STEM, known for typically being a male-dominated discipline, is increasingly involving more and more young women, a fact proven by the 2017 Discovery Education 3M Young Scientist Challenge.
The challenge was to submit a video explaining the science behind a possible solution to everyday problems. Daunting problems such as water contamination and world hunger are discussed.
Among the incredible ten middle school finalists of this challenge, six of them are girls.
Here is what these creative minds submitted.
Allie Weber, who is 12 years old, reinvented the incentive spirometer, a breathing device used to help young respiratory patients improve their lung function, by adding a suction cup dart toy and whiteboard target to make the child’s hospital experience more fun and interactive. Watch her video here.
Gitanjali Rao, who is 11 years old, developed a portable sensor-based device to detect lead in water faster (and cheaper) than current techniques will allow. Water contamination from lead can be extremely harmful to development, and Gitanjali believes everyone should be able to test their drinking water safely and easily. Watch her video here.
Simone Jacobs, who is 12 years old, invented a portable electronic frame called Laser Coach, which attaches to a tennis racket and highlights the accuracy of a player’s swing. Since the cost of tennis lessons is known for being very high, this device could provide an affordable alternative. Watch her video here.
Anika Bhagavatula, who is 14 years old, developed an environmentally-friendly method of cleaning oil spills using natural materials such as orange peels and pomegranate husks. Watch her video here.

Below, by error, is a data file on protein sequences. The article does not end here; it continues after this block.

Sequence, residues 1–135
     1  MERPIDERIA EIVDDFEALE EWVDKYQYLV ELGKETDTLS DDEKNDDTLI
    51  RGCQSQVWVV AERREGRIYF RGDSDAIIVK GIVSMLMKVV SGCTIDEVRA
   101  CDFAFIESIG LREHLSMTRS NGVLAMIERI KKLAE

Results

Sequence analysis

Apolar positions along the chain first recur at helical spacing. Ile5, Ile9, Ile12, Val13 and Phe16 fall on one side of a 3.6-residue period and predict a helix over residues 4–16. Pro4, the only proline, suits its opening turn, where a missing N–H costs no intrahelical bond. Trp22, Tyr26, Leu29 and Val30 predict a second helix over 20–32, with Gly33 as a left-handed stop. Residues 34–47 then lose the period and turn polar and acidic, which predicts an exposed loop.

Karina Andersen, who is 14 years old, used bacteria from common legumes to increase the growth of cereal crops in countries that are dependent on agriculture. Her invention targets the current world hunger crisis. Watch her video here.
Laalitya Acharya, who is 13 years old, is addressing the world’s energy crisis by using vehicular motion to generate clean and affordable energy in developing countries. Watch her video here.
It is not hard to tell from these videos and the way that these girls carry themselves, especially at such young ages, that they will be an amazing part of changing and improving the world that we live in.
These creative and intelligent girls will each receive a cash price of $1,000, an opportunity to be mentored by a 3M scientist, and a trip to the 3M Headquarters in Minnesota to compete in the final leg of the competition.
The winner of the final stage will receive $25,000 and be named “America’s Top Young Scientist.”.
What these girls might not realize is that they are setting a great example for any girl at any age to get involved in STEM. They are proving the difference they can and make in the world today. We can’t wait to see what their futures hold!
Featured Image by woodleywonderworks on Flickr
Attribution 2.0 Generic (CC BY 2.0)
Sign Up For Our Newsletter
July 18, 2017 at 11:19 pm